Starting out as a simple soap company in the tough economic times before the Civil War, Procter & Gamble (PG) - Get Report has grown into a company that makes a little bit of everything within the household products sector. We take things like candles and soap for granted these days. But back in the 1800s, candles were essential for light, and the availability of hygiene products was limited. It is a prime example of businessmen that recognized an area of demand and capitalized on it.
According to Procter & Gamble’s website, the Cincinnati company was founded in 1837— a year of financial crisis in the country— by brothers-in-law William Procter and James Gamble. Procter was a candle maker, and Gamble was a soap maker. These products became the foundation of their business.
1850 - The company begins to add its Moon and Stars logo to goods. Despite rumors of impending civil war, they built a new plant to sustain their growing business.
1859 - Procter & Gamble now does $1 million in sales, having grown into a company with dozens of employees.
1862 - In a turn of fate, the Civil War gives P&G some good fortune as it attains deals to supply candles and soap to Northern armies.
1879 - By this time Gamble’s son, James, has used his chemistry knowledge to create a cheaper equivalent of more expensive soaps. This leads to the Ivory Soap brand, which William Proctor's son Harley named after reading a passage from the Bible—“out of ivory palaces.”
1882 - Son Harley Procter maneuvers to spend more on advertising, marketing the soap across the nation through newspapers.
1887 - P&G initiates one of the first profit-sharing deals. This gave employees a piece of the pie, and quelled frustration among workers.
1890 - The soap business grows into a diverse product lineup of more than 30 different soaps. The company incorporates as a means to increase cash for growth.
1915 - The company opens its first production outside of the U.S.; making Crisco and Ivory Soap in Canada.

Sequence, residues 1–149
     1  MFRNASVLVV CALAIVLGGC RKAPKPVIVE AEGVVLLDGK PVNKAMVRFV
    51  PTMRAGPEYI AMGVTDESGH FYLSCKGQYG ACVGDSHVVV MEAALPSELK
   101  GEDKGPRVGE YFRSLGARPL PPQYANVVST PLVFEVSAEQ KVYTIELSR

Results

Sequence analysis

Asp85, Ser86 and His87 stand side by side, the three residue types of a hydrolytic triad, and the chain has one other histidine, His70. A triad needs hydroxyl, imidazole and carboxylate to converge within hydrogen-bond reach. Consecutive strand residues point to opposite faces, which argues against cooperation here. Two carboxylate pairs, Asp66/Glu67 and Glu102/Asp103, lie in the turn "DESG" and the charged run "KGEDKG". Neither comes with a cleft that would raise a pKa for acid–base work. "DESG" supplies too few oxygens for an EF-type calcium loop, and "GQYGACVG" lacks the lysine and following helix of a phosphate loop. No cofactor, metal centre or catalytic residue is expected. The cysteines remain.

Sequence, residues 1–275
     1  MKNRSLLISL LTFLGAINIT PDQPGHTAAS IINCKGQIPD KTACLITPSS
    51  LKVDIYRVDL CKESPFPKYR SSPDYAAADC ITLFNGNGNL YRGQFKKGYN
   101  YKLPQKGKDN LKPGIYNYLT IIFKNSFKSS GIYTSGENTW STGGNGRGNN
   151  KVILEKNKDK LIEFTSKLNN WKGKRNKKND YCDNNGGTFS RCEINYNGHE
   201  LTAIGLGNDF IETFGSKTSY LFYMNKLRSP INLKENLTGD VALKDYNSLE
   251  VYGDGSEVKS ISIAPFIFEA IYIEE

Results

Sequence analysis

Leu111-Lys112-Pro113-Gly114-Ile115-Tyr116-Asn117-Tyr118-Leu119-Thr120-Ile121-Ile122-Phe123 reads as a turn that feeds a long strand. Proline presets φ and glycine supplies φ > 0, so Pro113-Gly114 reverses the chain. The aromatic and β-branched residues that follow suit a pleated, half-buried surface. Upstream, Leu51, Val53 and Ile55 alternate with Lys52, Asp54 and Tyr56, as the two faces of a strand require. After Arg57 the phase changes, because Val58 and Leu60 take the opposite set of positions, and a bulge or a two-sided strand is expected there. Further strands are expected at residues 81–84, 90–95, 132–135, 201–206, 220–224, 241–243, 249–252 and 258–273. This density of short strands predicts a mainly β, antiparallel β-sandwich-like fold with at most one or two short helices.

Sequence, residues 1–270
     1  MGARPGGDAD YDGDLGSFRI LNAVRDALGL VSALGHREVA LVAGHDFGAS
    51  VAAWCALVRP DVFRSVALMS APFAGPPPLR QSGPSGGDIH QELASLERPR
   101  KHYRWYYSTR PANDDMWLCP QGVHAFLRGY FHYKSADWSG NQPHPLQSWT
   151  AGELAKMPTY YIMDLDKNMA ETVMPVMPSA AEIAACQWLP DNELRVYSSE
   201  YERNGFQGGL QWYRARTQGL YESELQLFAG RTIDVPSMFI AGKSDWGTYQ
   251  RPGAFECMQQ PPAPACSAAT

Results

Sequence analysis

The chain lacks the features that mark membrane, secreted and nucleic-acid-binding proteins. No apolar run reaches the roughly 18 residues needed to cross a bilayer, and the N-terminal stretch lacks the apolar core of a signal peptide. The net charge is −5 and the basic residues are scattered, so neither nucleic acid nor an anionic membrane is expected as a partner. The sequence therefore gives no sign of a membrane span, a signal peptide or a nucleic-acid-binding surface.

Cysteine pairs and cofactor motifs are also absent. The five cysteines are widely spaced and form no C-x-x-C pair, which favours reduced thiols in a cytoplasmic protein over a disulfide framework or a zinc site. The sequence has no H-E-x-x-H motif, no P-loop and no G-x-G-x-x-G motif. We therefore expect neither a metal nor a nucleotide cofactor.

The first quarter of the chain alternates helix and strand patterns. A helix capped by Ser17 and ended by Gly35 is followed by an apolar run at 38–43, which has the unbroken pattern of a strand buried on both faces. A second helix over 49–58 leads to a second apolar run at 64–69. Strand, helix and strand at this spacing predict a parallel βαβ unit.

1920s - Due to the steady decline of candle demand after the invention of the light bulb, the company phases out candle manufacturing. During this time frame, the company pushes into direct to retail sales in order to create a more consistent production schedule.
In the 1930s P&G buys overseas assets in the Philippine Manufacturing Company.
Through the next decades, P&G goes on to bring more products into its lineup. These include detergents, soap powder, shampoos, toilet goods and a long list of consumer staples.
What’s Happening Today?
It’s probably safe to say that Procter & Gamble has grown into something far beyond what its founders ever imagined. P&G did $67.68 billion in sales last year, with earnings of $3.89 billion, or $1.53 per diluted share. This was a weaker earnings performance than years past, but the company remains a strong contender in the home products industry, with a lineup including Crest toothpaste, Gillette razors, Tide laundry detergent, diapers, Dawn cleaning supplies, and, thanks to the coronavirus, the much sought-after Charmin toilet paper brand.
There are fair arguments about the slacking nature of the company’s growth story. Revenues were stagnant in 2016 and 2017, but have since regained momentum. Mounting competition within the razor industry has dampened the value of the $57 billion Gillette acquisition back in 2005. A move that should have helped P&G grow into a new market has instead been hit with resistant competition from cheap startup razor brands like Harry’s, and the irreverently advertised Dollar Shave Club, which was eventually bought out by Unilever (UL) - Get Report. Shifting tastes to more relaxed styles have also led to consumers shaving less often.
Write-offs from Gillette have plagued the company’s earnings results, leading P&G to rely on adjusted earnings results to appease shareholders. It has worked so far, as the stock reached all-time highs prior to the recent market sell-off.
Even in slower times, the stock does carry a history of success. Since 1990, the stock has outpaced the S&P 500 by just under 600%; producing gains of 1,219% during that time frame. With $6.28 billion in cash, and a healthy balance sheet with tons of equity, the company is by no means in trouble. The next few years will be dependent on how P&G can use its scale and position within home products to find a path to gathering market share, or to streamline the business to the more profitable areas of its lineup.
The current rush for toilet paper and cleaning products probably won’t hurt either.